Saturday, March 29, 2014

The Right Kind of Busy

Ask anyone nowadays how things are going, and more often than not you'll get an answer the boils down to one word: busy.

Our society today moves at a faster pace than ever before, and we feel it. We talk about it, commiserate about it, and justify our missteps with it. What bothers me, though, is that we play victim to it. Inherent in that common answer is the understanding that this world moves too fast and we're just trying to hold on.

But it's not.

We decide to be busy.

Yes, there are some instances where making ends meet means taking on more work than we feel we can handle. For most of us though, we choose to fill our days to the brim. We crave busyness as a sign of social status or maybe to distract us from confronting a hardship in life.

When others ask me how things are going, I try to respond with something other than "busy". This Lent, I've found that I'm reverting back to this bad habit as I have more scheduled events to keep track of. I cling to my calendar as if it's my lifeline. When friends asks me about myself, my mind is so wrapped up in what's coming next that I don't slow down to be present with them and give them a more thoughtful answer than "busy".

I'm working on it.

What I've come to find, though, is that I feel the overwhelmed kind of busy when what I'm doing doesn't line up with my priorities. And this is where the "right kind" of busy comes in - the intentional kind of busy.

As an example - when I stay up late to comfort a friend who needs a shoulder to cry on, I may be really tired the next day, but I don't complain about it. Instead, I have a spring in my step, knowing my presence made a difference to that friend, even if it meant sacrificing sleep. For me, the value in comforting a friend far surpasses the value in being well-rested.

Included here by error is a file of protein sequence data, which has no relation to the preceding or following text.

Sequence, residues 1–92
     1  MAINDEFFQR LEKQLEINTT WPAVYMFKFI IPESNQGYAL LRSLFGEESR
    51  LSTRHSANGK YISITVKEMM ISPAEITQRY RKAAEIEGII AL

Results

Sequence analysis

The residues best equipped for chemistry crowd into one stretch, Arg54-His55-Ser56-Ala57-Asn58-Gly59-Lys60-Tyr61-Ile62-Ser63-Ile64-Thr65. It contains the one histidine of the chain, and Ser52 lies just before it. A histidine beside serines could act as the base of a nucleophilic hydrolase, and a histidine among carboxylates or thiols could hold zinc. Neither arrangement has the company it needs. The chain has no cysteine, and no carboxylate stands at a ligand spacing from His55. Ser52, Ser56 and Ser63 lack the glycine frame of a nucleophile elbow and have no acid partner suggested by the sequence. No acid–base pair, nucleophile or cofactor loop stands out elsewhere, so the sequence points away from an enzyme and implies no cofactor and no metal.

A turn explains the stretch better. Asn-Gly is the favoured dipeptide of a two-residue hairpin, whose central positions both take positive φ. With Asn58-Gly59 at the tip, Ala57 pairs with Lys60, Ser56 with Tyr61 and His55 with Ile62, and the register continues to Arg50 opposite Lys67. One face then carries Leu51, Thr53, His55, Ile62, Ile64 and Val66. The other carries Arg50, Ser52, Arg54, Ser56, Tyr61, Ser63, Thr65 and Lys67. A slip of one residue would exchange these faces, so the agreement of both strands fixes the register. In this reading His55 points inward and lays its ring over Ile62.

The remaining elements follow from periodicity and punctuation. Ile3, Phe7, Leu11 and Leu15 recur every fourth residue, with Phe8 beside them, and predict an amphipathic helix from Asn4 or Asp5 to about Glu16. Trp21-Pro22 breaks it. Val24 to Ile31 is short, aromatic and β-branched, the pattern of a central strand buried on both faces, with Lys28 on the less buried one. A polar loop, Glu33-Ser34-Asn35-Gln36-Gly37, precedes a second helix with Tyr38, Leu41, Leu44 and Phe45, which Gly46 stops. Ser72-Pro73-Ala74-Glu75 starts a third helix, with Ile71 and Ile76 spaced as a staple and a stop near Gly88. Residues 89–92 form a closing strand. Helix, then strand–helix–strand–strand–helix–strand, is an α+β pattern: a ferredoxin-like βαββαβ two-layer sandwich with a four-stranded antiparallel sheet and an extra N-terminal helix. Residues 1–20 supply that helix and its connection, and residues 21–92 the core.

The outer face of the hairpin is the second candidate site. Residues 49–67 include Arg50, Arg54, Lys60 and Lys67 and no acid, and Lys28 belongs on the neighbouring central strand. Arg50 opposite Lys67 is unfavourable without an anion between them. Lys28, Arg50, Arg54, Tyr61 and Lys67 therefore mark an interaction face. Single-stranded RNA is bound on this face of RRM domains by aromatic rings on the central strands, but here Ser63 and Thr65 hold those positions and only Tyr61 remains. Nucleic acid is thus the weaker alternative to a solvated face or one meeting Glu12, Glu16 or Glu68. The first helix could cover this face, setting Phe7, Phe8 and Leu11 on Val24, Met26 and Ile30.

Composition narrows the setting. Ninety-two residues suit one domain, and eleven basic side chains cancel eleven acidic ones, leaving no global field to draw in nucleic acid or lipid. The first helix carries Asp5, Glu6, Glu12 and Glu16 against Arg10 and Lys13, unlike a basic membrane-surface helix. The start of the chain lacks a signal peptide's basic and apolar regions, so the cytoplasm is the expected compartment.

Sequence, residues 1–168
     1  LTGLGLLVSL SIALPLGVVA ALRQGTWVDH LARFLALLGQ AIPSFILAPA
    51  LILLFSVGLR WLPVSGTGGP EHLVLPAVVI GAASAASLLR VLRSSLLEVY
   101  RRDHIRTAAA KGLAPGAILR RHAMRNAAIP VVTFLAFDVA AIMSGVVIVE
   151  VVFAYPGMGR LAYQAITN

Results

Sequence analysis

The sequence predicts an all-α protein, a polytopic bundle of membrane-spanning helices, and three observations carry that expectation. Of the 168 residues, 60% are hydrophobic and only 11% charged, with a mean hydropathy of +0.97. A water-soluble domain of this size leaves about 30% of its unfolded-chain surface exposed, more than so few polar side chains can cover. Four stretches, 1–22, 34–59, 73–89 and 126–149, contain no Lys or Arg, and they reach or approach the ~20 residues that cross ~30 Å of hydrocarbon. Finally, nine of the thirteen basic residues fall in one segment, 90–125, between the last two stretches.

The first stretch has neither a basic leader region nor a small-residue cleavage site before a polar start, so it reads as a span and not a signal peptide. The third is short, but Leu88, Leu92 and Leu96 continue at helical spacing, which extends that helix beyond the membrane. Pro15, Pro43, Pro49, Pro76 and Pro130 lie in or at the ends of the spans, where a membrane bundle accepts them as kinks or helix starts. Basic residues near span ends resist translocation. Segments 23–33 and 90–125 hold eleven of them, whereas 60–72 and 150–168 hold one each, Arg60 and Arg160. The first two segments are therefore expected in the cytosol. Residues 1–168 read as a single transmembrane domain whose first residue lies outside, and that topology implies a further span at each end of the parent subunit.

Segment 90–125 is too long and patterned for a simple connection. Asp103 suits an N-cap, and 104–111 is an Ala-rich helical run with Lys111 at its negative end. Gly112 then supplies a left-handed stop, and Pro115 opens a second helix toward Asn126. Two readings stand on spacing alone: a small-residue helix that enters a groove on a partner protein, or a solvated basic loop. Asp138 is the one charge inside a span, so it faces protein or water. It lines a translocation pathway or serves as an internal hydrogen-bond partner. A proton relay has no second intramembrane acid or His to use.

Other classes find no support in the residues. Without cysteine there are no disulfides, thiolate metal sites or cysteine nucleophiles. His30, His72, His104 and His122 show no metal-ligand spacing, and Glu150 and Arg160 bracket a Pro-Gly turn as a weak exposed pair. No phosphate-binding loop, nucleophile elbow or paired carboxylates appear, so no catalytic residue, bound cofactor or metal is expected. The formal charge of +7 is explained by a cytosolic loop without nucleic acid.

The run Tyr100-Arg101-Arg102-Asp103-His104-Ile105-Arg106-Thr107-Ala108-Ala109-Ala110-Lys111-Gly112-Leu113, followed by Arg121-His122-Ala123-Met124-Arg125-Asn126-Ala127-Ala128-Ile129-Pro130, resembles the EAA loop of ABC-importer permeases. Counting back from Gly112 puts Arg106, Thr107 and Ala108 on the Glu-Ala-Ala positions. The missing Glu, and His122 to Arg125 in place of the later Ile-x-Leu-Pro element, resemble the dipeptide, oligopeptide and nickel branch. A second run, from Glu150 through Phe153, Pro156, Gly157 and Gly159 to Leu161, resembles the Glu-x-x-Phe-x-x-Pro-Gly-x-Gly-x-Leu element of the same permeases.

If we think about our time the same way, we won't feel victimized by busyness. We won't complain that the world has a hold of us, because we're directing our time towards the things that matter. There's something peaceful about collapsing in bed at the end of the day, knowing we worked our hardest to further something we are passionate about, whether it be our own physical health, the education of the next generation, enriching the lives of the elderly or disabled, or providing for our families.

We should live our lives intentionally.

First we need to take the time to define our priorities and understand our purpose. Then, we can live our lives in a way true to that purpose. We'll be choosing to walk a path rather than allowing our lives to be swept away in the world's stream of busyness.

I challenge you: remove the word "busy" from your vocabulary and focus on directing your time towards what's important. I'll do the same.

Thursday, March 13, 2014

Discipline and Basketball

I've watched my share of Duke basketball over the years, and as we enter March Madness, I've been comparing faith and basketball. There are many similarities swirling in my head; the one I'd like to focus on today is discipline.

I have so much respect for Coach Krzyzewksi (Coach K). He has some amazing accomplishments in the college and international basketball worlds, but he's also the type of man you'd want to follow. He is fair and grounded. He is a man of principles and teaches his players to work as a team, win or lose.